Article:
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Surprise-Filled History Surrounds Oregon Coast Landmark: Elephant Rock, Devil's Punchbowl, Otter Crest
Virtual Tour of Depoe Bay, Gleneden Beach, Lincoln Beach, Otter Rock, Oregon Coast

Surprise-Filled History Surrounds Oregon Coast Landmark: Elephant Rock, Devil's Punchbowl, Otter Crest

The old Elephant Rock is pictured above: photo courtesy Lincoln County Historical Society

While the Devil's Punchbowl, on the central Oregon coast, has been a heavy favorite among visitors for generations, there was actually another rock structure nearby that had the attention of tourists for quite a while before it.

Then, in an eerie twist, a purported curse seemed to come true upon the destruction of this landmark, which now sits at a beach that’s not really accessible anymore.

Right below the tiny community of Otter Rock, just north of Newport, there was a rock structure named Elephant Rock, which looked significantly similar to an elephant with its trunk dipped into the water. According to a 1936 local newspaper article, Elephant Rock was quite a draw to tourists, who snapped many a picture of the charming formation.

Then, sometime before the article’s publication date of February 1936, Elephant Rock was beheaded by a winter storm, altered forever as so many favorite coastal landmarks have been in these decades since Europeans began settling here. The article talks about the headland’s only resident looking sadly upon the rocky remnant of a departed old friend.

And this is when a curse fell on the area – but more on that in a bit. (Above: the same view presently and what's now left of Elephant Rock)

According to Jodi Weeber with the Lincoln County Historical Society in Newport, there’s a native tribe legend that supposedly goes with the rock, saying there was once a massive fire in the area that destroyed a lot of land. This was the “Fire Demon,” as it was known, and the “Great Spirit” of the local people went to battle with it.

The old Elephant Rock is pictured above: photo courtesy Lincoln County Historical Society

Somehow, the last of the woolly mammoths – so the legend goes – joined the fray, and beat the fire demon at the base of Otter Crest (it undoubtedly was not named that by local tribes) by dipping its trunk into the water and hosing down the flames.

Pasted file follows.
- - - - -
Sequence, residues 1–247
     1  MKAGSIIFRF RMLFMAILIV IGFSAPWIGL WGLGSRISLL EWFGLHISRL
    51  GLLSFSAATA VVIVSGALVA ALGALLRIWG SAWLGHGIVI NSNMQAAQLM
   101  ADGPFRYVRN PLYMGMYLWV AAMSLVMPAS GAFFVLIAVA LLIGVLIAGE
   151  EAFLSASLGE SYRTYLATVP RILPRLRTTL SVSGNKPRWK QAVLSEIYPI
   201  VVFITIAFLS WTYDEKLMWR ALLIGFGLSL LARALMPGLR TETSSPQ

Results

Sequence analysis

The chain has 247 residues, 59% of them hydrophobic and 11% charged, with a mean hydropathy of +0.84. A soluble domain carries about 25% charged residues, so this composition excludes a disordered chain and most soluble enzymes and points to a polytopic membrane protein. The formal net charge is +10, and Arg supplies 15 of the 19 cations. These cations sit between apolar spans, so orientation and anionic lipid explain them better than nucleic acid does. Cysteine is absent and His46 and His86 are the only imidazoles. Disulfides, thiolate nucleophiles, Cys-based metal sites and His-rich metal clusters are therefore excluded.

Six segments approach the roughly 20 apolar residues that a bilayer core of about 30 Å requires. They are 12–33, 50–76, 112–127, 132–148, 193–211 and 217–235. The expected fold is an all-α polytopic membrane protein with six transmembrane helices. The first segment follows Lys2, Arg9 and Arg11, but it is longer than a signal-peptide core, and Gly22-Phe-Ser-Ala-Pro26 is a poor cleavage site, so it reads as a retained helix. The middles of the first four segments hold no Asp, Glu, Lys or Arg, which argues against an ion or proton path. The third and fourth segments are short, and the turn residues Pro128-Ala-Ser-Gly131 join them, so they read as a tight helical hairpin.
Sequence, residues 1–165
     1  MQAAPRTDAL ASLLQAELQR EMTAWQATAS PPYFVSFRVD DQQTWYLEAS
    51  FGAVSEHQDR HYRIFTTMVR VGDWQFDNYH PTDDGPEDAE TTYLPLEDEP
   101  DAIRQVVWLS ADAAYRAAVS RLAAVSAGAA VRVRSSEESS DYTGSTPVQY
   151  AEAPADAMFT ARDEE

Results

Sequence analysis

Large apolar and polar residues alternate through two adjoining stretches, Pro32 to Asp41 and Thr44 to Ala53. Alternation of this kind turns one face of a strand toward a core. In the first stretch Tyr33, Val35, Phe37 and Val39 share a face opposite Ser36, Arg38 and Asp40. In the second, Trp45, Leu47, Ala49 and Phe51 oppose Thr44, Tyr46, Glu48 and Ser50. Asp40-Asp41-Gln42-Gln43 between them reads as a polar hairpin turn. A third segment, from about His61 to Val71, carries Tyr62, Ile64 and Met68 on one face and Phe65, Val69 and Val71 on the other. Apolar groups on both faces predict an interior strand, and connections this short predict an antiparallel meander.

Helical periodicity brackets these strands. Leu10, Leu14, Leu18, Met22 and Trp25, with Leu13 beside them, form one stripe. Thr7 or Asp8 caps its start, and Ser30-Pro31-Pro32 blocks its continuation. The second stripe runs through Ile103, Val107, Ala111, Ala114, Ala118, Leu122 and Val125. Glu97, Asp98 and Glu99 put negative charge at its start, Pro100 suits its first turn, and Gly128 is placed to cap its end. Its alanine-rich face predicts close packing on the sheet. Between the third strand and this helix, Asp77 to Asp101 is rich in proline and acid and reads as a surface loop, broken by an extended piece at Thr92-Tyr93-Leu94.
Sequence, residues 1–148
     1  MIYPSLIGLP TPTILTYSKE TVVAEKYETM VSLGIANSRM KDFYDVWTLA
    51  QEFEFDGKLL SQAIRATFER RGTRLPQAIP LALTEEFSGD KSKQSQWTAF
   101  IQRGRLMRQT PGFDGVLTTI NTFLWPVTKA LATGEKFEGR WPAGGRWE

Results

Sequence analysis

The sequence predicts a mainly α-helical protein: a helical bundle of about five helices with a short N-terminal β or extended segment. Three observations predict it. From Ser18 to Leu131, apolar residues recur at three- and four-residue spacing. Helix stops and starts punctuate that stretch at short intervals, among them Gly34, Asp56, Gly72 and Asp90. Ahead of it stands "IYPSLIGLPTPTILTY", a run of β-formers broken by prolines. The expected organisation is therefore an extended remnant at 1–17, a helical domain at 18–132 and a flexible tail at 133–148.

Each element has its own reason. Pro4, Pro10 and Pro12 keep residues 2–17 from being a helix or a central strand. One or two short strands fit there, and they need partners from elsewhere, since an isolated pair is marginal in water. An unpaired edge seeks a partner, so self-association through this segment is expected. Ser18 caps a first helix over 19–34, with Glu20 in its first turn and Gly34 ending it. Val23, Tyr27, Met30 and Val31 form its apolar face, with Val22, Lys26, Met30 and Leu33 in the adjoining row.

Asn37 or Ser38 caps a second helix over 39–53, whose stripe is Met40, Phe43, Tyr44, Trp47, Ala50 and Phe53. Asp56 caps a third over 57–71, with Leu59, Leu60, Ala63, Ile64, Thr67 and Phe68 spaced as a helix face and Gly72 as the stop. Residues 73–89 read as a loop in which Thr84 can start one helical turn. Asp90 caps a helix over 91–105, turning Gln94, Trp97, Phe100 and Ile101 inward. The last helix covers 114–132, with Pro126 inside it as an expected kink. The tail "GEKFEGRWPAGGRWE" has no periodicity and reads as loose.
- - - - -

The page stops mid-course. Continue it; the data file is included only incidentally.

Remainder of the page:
From then on, the Great Spirit decided that this noble elephant, or woolly mammoth – or whatever – would stand guard against the fire demon. He was placed there in stone.

The legend says something to the effect that the local people and their forests – from Yachats to the Siletz River by Lincoln City – would be protected as long as Elephant Rock stood and as long as they kept tradition.

In a cruel, almost paranormal twist, bad luck hit the tribes bigtime once Elephant Rock crumbled. The article notes that the reservations for the Siletz and Grand Ronde Indians were dissolved right around this time.

Shortly after Elephant Rock’s head was lost, there were major fires all around the coast, said Jodi Weeber, with the Lincoln County Historical Society (back in the early 2010's).

“One burnt down the hill to Depoe Bay, another big one burned between Waldport and Yachats, and there was the big one in Bandon that year,” Weeber said. “Two years later, there was the fire in Tillamook.”

This all, of course, begs the question: how did local tribes know about woolly mammoths way back?

Weeber said she didn’t know and laughed.

“Sounds like a white man thing to me,” Weeber said. “There were a lot of stories written by the white man who say they were an Indian tale, like Jump-Off Joe at Newport.”

Weeber said there is nothing in the records that shows how Devil’s Punchbowl got its name or who first discovered it.

That rock structure called Elephant Rock – or what’s left of it – still sits on this beach, but sadly it’s only accessible by those staying at the Inn at Otter Crest facility, as they’ve created the stairway. It is the only access to this portion of the beach (an outcropping blocks entrance from the marine gardens side). This makes it one of the few beaches in Oregon which has wound up not completely public simply by circumstances of accessibility. While it is public, technically, it's only reachable by a private stairway.

Elephant Rock lies on the other side of another outcropping to the north. Even it is not usually accessible because of either tidal conditions or the bedrock there is so covered in slippery green goo it's impossible to walk on safely.

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